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Thursday, May 5, 2016 12:22 am

Letters to the Editor 5/5/16

 

RAIL RELOCATION PROBLEMS
Here are some of the problems with the agreement between the city and the Illinois Department of Transportation regarding relocating rail traffic off the Third Street tracks. Mayor Langfelder and the city council should have held out for a better agreement instead of voting passage on April 26.

The administration rushed the council to a vote with Mayor Langfelder initially giving the council only 24 hours to review the complicated agreement and then extending the time to eight days, less than the normal two weeks.

The railroads are not parties to the agreement and gave no commitments to the city to ever consolidate freight traffic onto 10th Street tracks. The city lost leverage with the railroads by making its agreement only with IDOT, thus allowing the railroads to later shift their terms and conditions at will.

The state has not appropriated funds to honor IDOT’s commitments, but IDOT’s proffer of funding in the agreement undercuts the prospects for gaining additional federal funds.

The city relied upon the advice of Hanson Engineering and its verbal representations that “the railroads are on board,” even though Hanson Engineering has different interests than the city and is being paid millions for 10th Street bridge work regardless of railroad relocation success. The city itself had little contact with the railroads in formulating the final agreement.

The city lost leverage and agreed to close five crossings on the Third Street tracks, including Jackson Street, which city planners had hoped to use as a corridor to link the Lincoln Home district to the State Capitol. The agreement offers the unlikely hope that the state would reopen these crossings in 2026 if trains fail to relocate.

The agreement falsely promotes itself as a timeline to completion by 2026 because it leaves out major elements. It neither funds the costly Norfolk and Southern rail yard relocation south of Cook Street, a prerequisite to freight consolidation, nor discusses the hugely expensive Union Pacific “flyover” south of Stanford which Union Pacific may want as a precondition to relocating its freight.

In summary, the agreement is incomplete, defective and fatally flawed. It may in fact doom the prospects of ever moving trains off the Third Street tracks.

Joe McMenamin
Alderman, Ward 7



MORE MONEY TO SCHOOLS
I was thrilled to have Gov. Bruce Rauner visit Auburn High School this week to talk about his commitment to education funding. Giving our youngsters the tools they need to succeed in the classroom is critical to their future. However, I’m concerned that the state of Illinois isn’t adequately meeting those needs.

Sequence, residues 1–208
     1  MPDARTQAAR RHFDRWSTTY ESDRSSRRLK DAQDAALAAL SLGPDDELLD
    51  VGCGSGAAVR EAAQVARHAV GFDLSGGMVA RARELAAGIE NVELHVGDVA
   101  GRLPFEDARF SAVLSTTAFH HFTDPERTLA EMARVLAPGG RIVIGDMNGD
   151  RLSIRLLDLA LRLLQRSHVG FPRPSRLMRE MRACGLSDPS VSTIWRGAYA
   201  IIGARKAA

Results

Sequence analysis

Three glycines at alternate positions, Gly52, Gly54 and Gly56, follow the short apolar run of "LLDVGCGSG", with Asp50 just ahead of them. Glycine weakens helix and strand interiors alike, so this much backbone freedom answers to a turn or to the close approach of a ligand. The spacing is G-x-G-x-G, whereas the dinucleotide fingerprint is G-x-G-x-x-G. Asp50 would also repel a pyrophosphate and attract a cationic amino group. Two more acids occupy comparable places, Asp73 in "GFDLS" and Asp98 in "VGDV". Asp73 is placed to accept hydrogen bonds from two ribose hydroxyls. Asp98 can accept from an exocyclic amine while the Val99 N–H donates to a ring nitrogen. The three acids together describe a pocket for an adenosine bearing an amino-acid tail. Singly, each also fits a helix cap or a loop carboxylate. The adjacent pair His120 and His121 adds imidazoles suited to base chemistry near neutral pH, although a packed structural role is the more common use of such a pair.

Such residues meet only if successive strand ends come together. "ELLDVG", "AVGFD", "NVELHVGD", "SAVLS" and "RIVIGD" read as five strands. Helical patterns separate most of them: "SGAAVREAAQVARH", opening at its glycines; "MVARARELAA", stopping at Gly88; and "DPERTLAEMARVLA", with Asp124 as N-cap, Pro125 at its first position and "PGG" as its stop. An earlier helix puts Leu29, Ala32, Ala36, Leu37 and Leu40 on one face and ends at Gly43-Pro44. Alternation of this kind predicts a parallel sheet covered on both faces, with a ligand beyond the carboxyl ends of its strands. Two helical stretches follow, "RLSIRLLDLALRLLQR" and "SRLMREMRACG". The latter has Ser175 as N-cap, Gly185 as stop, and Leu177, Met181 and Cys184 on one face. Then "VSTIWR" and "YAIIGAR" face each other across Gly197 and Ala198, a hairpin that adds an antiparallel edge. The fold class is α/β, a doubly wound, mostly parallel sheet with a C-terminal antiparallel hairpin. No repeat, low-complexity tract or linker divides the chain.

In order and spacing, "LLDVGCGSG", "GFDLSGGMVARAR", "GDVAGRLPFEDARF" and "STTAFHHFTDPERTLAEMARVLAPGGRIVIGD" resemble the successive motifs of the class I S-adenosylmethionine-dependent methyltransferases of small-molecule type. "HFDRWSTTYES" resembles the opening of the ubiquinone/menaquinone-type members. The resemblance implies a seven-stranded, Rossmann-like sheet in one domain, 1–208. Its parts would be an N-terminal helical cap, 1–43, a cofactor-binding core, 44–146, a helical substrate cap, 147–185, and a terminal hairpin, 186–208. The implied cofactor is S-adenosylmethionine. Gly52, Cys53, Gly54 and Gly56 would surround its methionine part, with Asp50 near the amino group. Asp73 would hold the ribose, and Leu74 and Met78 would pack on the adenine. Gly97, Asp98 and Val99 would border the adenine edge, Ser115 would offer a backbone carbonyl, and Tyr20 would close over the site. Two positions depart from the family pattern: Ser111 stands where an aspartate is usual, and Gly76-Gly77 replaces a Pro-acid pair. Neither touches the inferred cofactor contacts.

It’s time to send more money to our school systems. It’s time we give all Illinois children access to high quality educational options. By supporting these young scholars, we are laying a stronger foundation for the future of our state.

Unfortunately, more school districts are expected to deficit-spend this year. That is, unless the General Assembly in Springfield works together to fully fund General State Aid (GSA), which would end proration and provide our school district’s the financial relief they need.

Simply put, education is the most important thing we can do as a society. That is why I support Gov. Rauner’s proposal to fully fund PK-12 at the General State Aid foundation level for the first time in seven years – a record investment in our schools and an increase in funding for early childhood education by $75 million – nearly a 25 percent increase.

I also support the legislation the governor has advocated that will save local districts money like mandate relief, workers’ compensation reforms and local control of collective bargaining. This combination of more resources and more flexibility will give school districts like ours the ability to manage our resources for our communities and our children.

The time has come to get to work and act quickly to pass the governor’s proposed PK-12 education funding bill. The uncertainty local school districts are experiencing should not be allowed to continue. They should have the ability to plan for the next school year, not worry about whether their doors are going to open.

Mayor Barb Stamer
Auburn

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